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Serving: WI

Farm prices are dependent on health of U.S. economy

Farm prices are dependent on health of U.S. economy
The economy has entered a period of modest economic growth, UW ag economist says

The U.S. economy has rebounded from the Great Recession and is showing signs of reasonable growth, according to Steven Deller, University of Wisconsin-Madison agricultural economics professor, who spoke Jan. 21 at the UW Ag Outlook Forum in Madison.

Deller said during 2016, the Gross Domestic Product is expected to grow at a respectable 2.6% rate. The historical average growth rate since 1947 has been 3.2%.

"The national economy has entered a period of sustained but modest economic growth," Deller said.

He predicts the national unemployment rate to drop to between 4.5% and 4.7% over the next two years.

The inflation rate is expected to rise and then stabilize at about 2.2% in 2016.

"Since 1947, the average monthly unemployment rate has been 5.8%," he explained. "In Wisconsin, our unemployment rate is now 4.5% which is where we were at before the Great Recession. The unemployment rate ideally should be 4%, but at least it's going in the right direction."

Deller said the Wisconsin economy is in a weak recovery from the Great Recession.

"Job growth is below what we would expect given national growth rates and historical patterns. Unemployment rates are reasonable, but the number of discouraged workers remains an issue."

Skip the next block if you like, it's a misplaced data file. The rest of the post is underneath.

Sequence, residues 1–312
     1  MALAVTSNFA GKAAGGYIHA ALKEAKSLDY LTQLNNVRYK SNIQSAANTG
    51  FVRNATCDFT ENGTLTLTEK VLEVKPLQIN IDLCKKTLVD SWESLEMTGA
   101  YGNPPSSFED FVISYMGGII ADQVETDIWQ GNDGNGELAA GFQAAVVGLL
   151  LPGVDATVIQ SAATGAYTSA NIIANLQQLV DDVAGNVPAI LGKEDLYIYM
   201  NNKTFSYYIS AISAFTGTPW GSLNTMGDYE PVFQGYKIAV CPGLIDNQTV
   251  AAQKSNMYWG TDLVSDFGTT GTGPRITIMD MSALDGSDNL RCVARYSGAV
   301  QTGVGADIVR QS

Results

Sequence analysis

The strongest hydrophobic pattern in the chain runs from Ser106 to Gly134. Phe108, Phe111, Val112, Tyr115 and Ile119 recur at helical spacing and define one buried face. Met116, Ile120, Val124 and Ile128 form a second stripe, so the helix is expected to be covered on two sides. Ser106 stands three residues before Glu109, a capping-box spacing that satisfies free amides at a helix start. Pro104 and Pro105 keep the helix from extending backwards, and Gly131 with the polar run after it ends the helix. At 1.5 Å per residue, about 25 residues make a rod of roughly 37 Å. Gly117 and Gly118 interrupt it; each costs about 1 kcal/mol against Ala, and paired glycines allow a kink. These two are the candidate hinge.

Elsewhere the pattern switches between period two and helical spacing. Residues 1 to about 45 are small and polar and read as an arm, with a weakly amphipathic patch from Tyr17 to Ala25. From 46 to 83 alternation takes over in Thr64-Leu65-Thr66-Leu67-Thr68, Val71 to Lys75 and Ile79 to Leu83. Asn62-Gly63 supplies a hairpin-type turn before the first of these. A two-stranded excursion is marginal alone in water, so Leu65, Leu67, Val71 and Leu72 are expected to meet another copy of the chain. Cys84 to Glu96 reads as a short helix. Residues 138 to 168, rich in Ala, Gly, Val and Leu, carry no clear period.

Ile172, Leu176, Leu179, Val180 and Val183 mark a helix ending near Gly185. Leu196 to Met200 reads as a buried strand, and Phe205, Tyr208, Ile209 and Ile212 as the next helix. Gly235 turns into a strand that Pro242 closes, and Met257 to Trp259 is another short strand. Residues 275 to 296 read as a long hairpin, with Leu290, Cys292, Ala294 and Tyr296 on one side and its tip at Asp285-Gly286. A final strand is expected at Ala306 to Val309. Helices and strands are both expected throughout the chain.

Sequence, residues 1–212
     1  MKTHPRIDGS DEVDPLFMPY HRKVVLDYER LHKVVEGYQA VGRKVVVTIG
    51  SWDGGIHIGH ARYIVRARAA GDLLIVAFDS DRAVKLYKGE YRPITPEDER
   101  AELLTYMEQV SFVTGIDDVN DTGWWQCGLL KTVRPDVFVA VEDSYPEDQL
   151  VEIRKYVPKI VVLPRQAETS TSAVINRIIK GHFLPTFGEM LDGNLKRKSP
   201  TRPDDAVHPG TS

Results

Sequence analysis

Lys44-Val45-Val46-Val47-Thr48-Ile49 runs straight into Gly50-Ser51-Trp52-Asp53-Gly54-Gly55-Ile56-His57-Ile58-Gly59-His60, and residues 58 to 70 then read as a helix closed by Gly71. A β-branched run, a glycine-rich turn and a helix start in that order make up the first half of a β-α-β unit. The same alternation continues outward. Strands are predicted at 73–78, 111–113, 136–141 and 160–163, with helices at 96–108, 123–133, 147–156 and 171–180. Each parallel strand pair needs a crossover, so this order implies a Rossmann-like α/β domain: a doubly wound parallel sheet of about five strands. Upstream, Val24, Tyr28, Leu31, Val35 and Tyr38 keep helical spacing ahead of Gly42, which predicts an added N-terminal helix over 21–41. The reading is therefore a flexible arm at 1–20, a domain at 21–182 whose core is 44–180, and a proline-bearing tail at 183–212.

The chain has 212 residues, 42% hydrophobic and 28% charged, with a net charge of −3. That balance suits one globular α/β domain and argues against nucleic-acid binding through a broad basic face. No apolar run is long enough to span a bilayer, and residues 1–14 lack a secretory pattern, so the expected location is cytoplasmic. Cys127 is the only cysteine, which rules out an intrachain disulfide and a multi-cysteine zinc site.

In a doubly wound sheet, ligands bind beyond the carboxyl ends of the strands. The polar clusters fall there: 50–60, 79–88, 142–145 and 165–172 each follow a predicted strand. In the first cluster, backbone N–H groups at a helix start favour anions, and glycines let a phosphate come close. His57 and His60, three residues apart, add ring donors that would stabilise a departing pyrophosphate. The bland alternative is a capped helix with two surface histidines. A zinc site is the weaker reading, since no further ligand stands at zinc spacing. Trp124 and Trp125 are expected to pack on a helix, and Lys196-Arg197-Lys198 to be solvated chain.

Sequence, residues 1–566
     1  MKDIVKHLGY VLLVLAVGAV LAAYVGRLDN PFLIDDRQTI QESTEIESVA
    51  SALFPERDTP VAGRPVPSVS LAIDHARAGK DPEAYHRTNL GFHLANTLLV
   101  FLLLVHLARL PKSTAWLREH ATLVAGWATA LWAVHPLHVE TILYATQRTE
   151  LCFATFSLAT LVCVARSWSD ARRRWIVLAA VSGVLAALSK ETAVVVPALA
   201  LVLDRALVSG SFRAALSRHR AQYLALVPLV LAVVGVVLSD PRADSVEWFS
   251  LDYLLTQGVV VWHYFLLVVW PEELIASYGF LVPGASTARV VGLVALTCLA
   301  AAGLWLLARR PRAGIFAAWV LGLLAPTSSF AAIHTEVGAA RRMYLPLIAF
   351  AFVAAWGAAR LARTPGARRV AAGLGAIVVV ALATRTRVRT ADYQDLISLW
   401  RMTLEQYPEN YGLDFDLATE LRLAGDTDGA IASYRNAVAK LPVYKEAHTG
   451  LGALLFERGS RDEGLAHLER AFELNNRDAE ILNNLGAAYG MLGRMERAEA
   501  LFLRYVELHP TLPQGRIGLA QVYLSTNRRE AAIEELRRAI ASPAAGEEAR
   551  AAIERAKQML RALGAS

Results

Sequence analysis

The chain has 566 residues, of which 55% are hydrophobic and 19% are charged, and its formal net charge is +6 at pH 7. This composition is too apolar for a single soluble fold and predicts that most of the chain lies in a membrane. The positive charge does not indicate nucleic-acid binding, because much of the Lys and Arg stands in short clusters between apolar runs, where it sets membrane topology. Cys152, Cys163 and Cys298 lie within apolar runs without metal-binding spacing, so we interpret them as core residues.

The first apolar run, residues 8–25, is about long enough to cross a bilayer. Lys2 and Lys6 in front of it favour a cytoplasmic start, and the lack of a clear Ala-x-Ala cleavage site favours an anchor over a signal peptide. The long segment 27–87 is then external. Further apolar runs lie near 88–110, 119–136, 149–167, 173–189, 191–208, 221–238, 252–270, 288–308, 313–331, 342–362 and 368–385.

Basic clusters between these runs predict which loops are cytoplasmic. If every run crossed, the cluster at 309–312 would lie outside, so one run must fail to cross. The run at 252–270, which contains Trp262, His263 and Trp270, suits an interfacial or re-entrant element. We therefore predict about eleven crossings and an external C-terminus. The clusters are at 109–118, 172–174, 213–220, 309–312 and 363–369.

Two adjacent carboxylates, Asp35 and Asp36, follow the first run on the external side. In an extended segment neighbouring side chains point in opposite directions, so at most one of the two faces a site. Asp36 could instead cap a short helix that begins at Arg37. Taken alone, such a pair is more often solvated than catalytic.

Deller said the inflation rate is expected to rise and then stabilize at about 2.2% in 2016.

"Since 1947, the average annual rate of inflation has been 3.6%. Therefore inflation is expected to remain modest for the foreseeable future," he said.

Deller said the chances of the U.S. economy returning to a recession during the next 12 months "is weak -- only about a 15% chance."

He said a major "structural" problem for the U.S economy and Wisconsin is the declining middle class or widening income inequality.

"Median household income in Wisconsin peaked in 1999 at $64,900 and is now only $57,800," Deller explained. "This is typical of many states in the U.S. It's a result of the hollowing out of the middle class. What this means for the economy's future is unclear which introduces uncertainty into the system."

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